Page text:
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Enjoy the Simple Things in Life

There’s nothing that makes Pooh so happy as “a little something,” such as some tea, some honey, a bit of condensed milk, or “a simple meal of marmalade, spread lightly over a honeycomb or two.” Pooh takes pleasure in food and his friends, so that every day is his favorite day. In real life, things are a lot more complicated. That said, most us know (way deep down) that money can’t really buy the things that make life worth living. That’s what makes them so sweet.

Ask for Help

If it wasn’t for his friends — Piglet, Rabbit, Eeyore, Tigger, and Owl — this tubby, bumbling yellow bear might not get much farther than the next honey pot. But each little character has his strengths, and together, they’re able to set up a trap for a “Heffalump,” take an “Expotition” to the South Pole, and rescue Piglet from a flood by floating by in an upturned umbrella. Chances are that when it comes to challenges in your financial life, there are more solutions than you can even imagine. Ask your friends for help — you’ll be glad in more ways than one.

Be Grateful

“Sometimes,” said Pooh, “the smallest things take up the most room in your heart.” Gratitude plays a big role in Winnie the Pooh, and it isn’t just the wise old bear who feels it — even “ Piglet noticed that even though he had a Very Small Heart, it could hold a rather large amount of Gratitude.” According to Pooh, you can “only do what you ought” when you “know what you’ve got.” There’s nothing wrong with striving for greater in things in life — just don’t forget to appreciate what you already have.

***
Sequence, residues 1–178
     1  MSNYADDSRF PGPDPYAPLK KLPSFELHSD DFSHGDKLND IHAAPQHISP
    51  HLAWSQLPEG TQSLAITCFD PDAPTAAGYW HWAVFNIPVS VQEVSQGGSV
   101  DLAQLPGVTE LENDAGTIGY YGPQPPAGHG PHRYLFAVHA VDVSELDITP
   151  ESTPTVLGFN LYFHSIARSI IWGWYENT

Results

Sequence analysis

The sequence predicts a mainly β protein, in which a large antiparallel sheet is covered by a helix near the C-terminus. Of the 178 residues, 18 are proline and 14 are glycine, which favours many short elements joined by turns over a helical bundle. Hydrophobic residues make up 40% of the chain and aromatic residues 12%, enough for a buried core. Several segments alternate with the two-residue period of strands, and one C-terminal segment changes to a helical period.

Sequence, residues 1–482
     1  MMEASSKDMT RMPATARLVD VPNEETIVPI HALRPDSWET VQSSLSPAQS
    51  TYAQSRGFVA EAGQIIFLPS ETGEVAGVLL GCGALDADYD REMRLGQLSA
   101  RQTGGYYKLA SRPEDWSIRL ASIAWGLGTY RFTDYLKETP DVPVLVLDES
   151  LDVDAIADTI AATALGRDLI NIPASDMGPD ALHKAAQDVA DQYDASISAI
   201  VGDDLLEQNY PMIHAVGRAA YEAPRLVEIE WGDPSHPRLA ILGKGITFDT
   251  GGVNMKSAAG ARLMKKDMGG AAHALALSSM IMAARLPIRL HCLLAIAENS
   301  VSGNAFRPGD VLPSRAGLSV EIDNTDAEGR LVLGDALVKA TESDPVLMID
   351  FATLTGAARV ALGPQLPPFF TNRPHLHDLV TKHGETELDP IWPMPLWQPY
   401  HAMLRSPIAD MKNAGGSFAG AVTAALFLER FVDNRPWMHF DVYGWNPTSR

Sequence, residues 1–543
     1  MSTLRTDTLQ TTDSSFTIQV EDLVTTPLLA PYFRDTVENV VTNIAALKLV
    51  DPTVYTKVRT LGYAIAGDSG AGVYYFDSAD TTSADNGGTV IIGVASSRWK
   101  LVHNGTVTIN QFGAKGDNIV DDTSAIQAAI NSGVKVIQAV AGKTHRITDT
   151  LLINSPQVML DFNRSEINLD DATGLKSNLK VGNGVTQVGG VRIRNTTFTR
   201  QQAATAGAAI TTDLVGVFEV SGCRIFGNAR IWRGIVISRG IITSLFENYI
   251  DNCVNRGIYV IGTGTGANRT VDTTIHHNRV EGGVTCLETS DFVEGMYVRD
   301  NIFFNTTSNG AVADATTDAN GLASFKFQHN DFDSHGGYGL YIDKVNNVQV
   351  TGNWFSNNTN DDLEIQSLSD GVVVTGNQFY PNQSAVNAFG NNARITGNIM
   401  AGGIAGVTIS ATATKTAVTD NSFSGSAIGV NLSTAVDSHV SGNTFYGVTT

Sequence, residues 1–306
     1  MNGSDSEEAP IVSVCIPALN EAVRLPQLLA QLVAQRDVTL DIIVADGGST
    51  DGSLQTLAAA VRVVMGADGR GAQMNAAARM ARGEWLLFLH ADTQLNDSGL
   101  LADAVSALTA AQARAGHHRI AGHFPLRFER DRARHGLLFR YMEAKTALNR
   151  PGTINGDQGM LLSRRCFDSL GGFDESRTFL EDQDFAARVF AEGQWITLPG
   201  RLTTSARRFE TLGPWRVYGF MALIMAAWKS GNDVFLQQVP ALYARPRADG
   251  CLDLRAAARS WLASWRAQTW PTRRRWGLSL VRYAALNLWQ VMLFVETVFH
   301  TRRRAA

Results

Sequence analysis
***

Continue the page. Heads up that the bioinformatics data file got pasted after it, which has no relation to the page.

You might be surprised that so many of the lessons that flow through A.A. Milne’s Winnie the Pooh stories relate to our finances. The reason is simple — money is a major part of life, and it’s tied in to our philosophy and the way we think about things. So “have a think” (as Pooh would say) about how you view your money and your life. You may be surprised at what you discover. And, if you decide to tackle some of your financial challenges, you may just enjoy a few adventures along the way.

'When you wake up in the morning, Pooh,' said Piglet at last, 'what’s the first thing you say to yourself?'

'What’s for breakfast,' said Pooh. 'What do you say, Piglet?'

'I say, I wonder what’s going to happen exciting today?'

Pooh nodded thoughtfully.

'It’s the same thing,' he said.

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Carl Lassegue

It's interesting how a child's cartoon can have so many lessons for adults. The one that resonates with me the most is "Save for Later". I'm making a more conscious effort to start saving. Thanks for the encouragement Winnie the Pooh.

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Margaret

As an avid Winnie the Pooh fan I truly appreciate you giving a "Pooh-esque" view on finance.

Tara Struyk's picture

Awww, shucks.